On Being Innovative

Much as I try to turn my brain off while on vacation, sometimes the extra time to think makes it next to impossible. This week in sunny Cabos San Lucas even the tangy margaritas fail to keep the synapses from firing.

I’m especially struck by the innovation, resourcefulness, and drive I see among young Mexican entrepreneurs.

On the beaches they hawk eye-catching purses woven from strips of recycled juice box containers as well as bracelets made from plastic stir sticks wrapped with thread and then custom embroidered with one’s name. 

Since my current work is largely about innovation and the leadership it requires, it made me wonder not only if we ourselves are modeling it, but also how it might be manifested and recognized within a business or organization.

I know for sure I’ve worked within organizations where there was a lack of innovation.

They were the ones where new ideas were either laughed at or responded to with, “No we tried that years ago and it didn’t work” or “You can’t do that because we’ve always done it this way”.

They were also the organizations where I learned that being vocal about a problem wasn’t always well-received and that even when there was consensus about a problem, the innovation required to solve it was seen as being the domain of management rather than that of the collective.

Too often there seemed to be far more interest in policies, procedures and maintaining the status quo than there was in taking advantage of trends and issues. When faced with tough times, the typical first step was to reduce the budget lines supporting professional development, research, and new initiatives.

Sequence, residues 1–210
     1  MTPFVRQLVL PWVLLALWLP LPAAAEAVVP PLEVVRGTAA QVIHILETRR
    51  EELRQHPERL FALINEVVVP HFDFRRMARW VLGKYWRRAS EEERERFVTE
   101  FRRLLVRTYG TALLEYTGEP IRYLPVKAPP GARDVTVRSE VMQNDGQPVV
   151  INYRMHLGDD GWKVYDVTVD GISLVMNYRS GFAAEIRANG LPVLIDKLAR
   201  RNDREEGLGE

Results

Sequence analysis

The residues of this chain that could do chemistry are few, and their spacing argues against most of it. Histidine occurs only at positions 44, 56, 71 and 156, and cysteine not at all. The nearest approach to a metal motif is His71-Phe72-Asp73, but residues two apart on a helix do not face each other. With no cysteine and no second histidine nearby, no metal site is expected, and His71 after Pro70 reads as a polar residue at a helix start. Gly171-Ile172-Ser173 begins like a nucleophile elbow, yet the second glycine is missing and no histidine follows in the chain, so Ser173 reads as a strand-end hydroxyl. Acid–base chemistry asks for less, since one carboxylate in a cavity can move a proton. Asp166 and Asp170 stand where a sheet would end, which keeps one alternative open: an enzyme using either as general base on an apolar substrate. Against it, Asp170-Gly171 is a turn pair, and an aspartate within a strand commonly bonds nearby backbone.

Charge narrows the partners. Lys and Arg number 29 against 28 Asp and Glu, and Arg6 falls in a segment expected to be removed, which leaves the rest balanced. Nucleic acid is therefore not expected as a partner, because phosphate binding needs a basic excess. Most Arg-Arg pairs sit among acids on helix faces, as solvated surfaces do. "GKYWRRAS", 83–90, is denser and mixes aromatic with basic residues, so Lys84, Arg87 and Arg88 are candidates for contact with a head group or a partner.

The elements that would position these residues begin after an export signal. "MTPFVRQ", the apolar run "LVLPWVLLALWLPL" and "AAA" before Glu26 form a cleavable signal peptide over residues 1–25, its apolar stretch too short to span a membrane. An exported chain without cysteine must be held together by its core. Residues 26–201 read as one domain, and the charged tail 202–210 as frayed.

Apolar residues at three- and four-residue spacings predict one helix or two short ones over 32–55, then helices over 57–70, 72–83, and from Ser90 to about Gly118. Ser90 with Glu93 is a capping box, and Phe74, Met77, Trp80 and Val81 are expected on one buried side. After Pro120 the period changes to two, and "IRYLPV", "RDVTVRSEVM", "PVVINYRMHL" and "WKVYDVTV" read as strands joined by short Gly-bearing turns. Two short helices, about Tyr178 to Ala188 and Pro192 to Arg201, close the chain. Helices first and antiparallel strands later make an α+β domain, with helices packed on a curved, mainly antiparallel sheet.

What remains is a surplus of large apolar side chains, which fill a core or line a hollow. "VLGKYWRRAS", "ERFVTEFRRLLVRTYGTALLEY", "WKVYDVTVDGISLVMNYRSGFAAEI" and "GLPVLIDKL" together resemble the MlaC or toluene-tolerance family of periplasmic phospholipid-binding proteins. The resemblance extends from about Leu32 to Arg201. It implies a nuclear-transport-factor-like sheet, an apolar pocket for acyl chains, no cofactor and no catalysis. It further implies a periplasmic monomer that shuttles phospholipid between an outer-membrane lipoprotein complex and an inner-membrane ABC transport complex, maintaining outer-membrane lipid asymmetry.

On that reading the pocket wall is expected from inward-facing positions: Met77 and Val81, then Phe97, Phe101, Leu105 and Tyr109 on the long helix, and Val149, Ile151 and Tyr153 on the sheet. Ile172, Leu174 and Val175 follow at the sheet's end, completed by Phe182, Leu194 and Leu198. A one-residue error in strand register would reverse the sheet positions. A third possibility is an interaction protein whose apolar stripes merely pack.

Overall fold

But perhaps the key sign of a lack of innovation was that there wasn’t much happening within the organization to get anyone excited.  When asked, “What’s new?” it was tough to come up with an answer.

On the other hand, innovative companies and organizations display a different set of characteristics.

In addition to encouraging ideas, innovative organizations tangibly approve, support and endorse them. Rather than saying “it can’t be done”, the more typical response is “how can we make this happen”?
 
Innovative organizations are also those where creativity is championed as a strong and clearly articulated value. The word innovation is typically found in the organization’s vision and mission statement, and within many position descriptions.  It’s also likely that in addition to there being a lot of baby boomers around, there are a lot of people under the age of 30.  Employees never seem to be bored and often suggest that if you are, you should just wait five minutes.

In these organizations thinking about how to do things differently is embedded within their culture. Apple Computer embraced innovation with their 1997 advertising slogan “Think Different” and maintains it to this day.

The text that accompanied that campaign has become something of a mantra for innovators around the world.

“Here’s to the crazy ones. The misfits. The rebels. The troublemakers. The round pegs in the square holes. The ones who see things differently. They’re not fond of rules. And they have no respect for the status quo. You can quote them, disagree with them, glorify or vilify them. About the only thing you can’t do is ignore them. Because they change things. They push the human race forward. And while some may see them as the crazy ones, we see genius. Because the people who are crazy enough to think they can change the world are the ones who do”.

 

Posted on 04-19-09

Comments:


Wow,  I love that quote.

•Posted by Heather O'Hearn  on  04/22/09  at  01:26 PM


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